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Or you might say I am giving it away. I will leave my law practice that has gainfully engaged my working life for 34 year and retire. Mrs. Left and I picked the date about a year in advance. As suggested by Hunter's wonderful recaps of the political dysfunction in 2013, this seemed like good time of year to examine 2013's arc of my life, too, particularly as my last year working is now 2/3's behind me. Merry Christmas and Happy New Year.
Socrates is credited with observing that the unexamined life is a life not worth living, but I say sometimes 'tis simply a life not worth examining. At the risk of exposing that my life might be that kind of life, I invite anyone willing to take that risk to follow me out into the tall grass for some random brain droppings on the subjects of work, retirement, Social Security, Medicare, Student Loans, Aging, etc.

From second grade until I graduated high school, my family lived in the same building where my mother operated a business six days a week. I tell people I grew up above the store. Mom was self-employed all those years, first as the divorced but unsupported mother of two,  who then remarried when I was in 3rd grade. Neither she nor my step-father held high school diplomas, but she was self-employed and reasonably successful for nearly twenty years and he was a well paid union electrician working on an assembly line for fluorescent light fixtures. Coincidentally, his brother in law owned the factory. I worked there too during high school and college.

Education was highly valued in my family circle, even though nobody had much. But, my Mom's older sister married a guy who became a banker, Lion's Club booster and rock-ribbed Republican. Their daughter went to college out of state and became a school teacher in the 1950's and taught elementary school lower grades all of her life until she retired. My older brother became a Ph.D. audiologist whose research won him an international reputation. I became a lawyer. We were the first cohort of our families to attain so much education and status.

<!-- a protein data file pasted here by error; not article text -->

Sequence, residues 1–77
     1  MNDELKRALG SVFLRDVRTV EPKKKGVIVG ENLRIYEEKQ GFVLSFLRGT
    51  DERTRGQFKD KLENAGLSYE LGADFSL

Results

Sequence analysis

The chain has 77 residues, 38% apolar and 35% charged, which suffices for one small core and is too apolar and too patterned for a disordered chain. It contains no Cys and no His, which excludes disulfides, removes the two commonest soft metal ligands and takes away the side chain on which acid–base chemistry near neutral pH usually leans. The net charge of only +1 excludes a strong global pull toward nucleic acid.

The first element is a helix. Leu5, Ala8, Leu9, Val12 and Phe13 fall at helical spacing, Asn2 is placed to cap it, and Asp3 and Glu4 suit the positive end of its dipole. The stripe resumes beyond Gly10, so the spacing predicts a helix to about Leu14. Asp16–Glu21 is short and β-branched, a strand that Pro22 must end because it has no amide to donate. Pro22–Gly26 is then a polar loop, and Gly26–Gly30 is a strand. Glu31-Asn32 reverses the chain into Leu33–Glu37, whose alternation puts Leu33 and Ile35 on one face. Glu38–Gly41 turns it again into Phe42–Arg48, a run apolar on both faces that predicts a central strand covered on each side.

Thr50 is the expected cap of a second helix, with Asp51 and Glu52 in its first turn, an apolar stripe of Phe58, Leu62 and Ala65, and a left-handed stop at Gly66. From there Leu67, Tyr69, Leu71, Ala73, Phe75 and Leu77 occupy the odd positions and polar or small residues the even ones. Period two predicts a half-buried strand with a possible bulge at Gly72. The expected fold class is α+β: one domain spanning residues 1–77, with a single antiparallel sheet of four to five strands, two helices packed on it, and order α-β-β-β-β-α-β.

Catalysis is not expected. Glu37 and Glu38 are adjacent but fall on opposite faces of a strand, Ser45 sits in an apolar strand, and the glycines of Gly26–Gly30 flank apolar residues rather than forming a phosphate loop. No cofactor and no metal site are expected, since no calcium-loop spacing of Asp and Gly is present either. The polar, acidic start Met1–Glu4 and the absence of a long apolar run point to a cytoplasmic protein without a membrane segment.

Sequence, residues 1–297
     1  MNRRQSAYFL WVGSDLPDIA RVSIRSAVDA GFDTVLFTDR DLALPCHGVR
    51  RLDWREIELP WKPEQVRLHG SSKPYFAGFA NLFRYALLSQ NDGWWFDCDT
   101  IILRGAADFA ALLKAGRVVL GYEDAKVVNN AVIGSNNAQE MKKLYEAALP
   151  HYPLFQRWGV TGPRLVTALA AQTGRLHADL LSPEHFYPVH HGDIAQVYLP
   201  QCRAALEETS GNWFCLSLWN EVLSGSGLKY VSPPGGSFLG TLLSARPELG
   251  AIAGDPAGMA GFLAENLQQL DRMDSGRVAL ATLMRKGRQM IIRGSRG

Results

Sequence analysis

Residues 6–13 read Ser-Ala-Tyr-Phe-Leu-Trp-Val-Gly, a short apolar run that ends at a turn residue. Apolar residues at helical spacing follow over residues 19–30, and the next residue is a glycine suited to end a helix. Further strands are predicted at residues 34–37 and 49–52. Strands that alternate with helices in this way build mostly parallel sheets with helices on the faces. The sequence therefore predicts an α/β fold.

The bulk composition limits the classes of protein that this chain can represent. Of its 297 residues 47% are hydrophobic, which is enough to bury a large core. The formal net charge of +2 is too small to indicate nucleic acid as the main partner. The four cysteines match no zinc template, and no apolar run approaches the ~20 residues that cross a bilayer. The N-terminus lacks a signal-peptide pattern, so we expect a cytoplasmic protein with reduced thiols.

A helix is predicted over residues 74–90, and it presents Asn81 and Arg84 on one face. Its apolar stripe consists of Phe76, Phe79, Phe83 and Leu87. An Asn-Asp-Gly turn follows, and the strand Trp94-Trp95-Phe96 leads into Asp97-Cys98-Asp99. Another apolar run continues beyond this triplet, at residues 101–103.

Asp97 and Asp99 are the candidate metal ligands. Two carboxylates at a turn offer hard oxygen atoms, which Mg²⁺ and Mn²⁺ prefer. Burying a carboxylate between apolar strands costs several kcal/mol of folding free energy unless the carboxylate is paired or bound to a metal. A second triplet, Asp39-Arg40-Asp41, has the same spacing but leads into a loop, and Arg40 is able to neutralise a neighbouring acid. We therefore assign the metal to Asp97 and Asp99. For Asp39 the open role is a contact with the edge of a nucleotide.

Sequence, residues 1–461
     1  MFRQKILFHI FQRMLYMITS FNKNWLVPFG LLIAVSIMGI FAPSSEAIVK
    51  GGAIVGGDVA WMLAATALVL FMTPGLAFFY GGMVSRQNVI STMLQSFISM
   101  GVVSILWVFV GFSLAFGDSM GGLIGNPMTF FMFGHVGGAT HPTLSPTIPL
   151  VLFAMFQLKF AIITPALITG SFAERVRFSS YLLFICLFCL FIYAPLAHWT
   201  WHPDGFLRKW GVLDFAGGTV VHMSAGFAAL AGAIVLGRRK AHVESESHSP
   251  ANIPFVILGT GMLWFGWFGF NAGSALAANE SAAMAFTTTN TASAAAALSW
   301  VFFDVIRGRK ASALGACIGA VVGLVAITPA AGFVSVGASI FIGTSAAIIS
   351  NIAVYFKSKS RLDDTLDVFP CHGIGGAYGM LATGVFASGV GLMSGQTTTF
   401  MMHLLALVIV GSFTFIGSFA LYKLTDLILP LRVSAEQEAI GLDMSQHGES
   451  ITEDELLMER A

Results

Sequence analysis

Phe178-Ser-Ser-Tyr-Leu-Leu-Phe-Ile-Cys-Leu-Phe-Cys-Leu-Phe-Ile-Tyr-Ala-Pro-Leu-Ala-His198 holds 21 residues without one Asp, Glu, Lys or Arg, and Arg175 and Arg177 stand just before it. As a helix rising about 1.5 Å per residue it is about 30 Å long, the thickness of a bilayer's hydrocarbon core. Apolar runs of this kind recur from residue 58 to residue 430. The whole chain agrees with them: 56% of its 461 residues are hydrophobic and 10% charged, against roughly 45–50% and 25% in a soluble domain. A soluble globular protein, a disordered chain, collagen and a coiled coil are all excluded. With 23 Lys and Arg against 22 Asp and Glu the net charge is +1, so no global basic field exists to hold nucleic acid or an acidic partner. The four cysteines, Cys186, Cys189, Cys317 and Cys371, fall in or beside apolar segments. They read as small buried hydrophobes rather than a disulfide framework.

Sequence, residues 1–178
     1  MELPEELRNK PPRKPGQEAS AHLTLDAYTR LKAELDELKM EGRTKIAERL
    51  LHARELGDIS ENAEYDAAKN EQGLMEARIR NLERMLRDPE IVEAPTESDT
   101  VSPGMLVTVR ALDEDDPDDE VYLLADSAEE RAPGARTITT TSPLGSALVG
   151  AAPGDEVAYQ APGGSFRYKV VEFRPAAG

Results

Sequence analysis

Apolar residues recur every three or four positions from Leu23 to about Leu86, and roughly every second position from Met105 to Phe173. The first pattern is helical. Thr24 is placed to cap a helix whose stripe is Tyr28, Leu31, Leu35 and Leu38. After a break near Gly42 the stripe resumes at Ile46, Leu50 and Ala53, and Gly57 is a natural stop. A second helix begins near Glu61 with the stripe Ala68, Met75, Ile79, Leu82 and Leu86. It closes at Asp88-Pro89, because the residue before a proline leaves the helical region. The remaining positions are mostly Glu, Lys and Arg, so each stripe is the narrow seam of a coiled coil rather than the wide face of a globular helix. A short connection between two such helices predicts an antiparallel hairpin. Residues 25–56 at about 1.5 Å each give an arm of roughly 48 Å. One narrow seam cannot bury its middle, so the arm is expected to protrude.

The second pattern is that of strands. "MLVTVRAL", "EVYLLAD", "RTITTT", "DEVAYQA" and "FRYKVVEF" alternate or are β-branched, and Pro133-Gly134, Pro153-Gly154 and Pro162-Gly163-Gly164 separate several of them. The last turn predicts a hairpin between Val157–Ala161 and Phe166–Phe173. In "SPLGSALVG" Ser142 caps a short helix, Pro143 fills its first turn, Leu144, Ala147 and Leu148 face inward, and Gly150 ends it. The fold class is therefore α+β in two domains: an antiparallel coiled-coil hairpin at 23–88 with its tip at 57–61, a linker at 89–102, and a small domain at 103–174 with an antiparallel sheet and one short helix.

I had already been married, even before I fulfilled a military obligation, marrying at the end of college and prior to Viet Nam era Naval service. I later finished law school, entered practice, and a few years later Mrs. Left got her law degree, too. She will retire about a year after I go. We are still together and celebrated our 43rd wedding anniversary last week.  

After we retire we will relocate to the area where I grew up. I no longer have any family ties there, but there are other lures, cultural and more. Cost of housing in rehabilitating urban neighborhoods is one strong draw for us, as we currently live in a part of the country with enormous housing costs.  Because we have labored so many years in professional occupations, our impending retirement, which scares both of us shit-less, by the way, will support us at levels most retiring Americans could only dream about. Yet, terror that it might not be enough abides.

Defined benefit pension plans, which used to represent the normal path to corporate retirement in America, are disappearing. The total number of employers offering such benefits, in 2012, had shrunk to 35,000, nationally, in 2012. Most Americans, if they have any retirement cushion at all, rely on 401K type plans dependent upon the vagaries of Wall Street.   Mrs. Left and I have those kinds of investments in tax deferred accounts. It seems like a lot of money. But we still have to pay taxes on everything we withdraw, and in a few year we are required to  begin withdrawals.

We also will collect from five defined benefit plans once we we are both retired.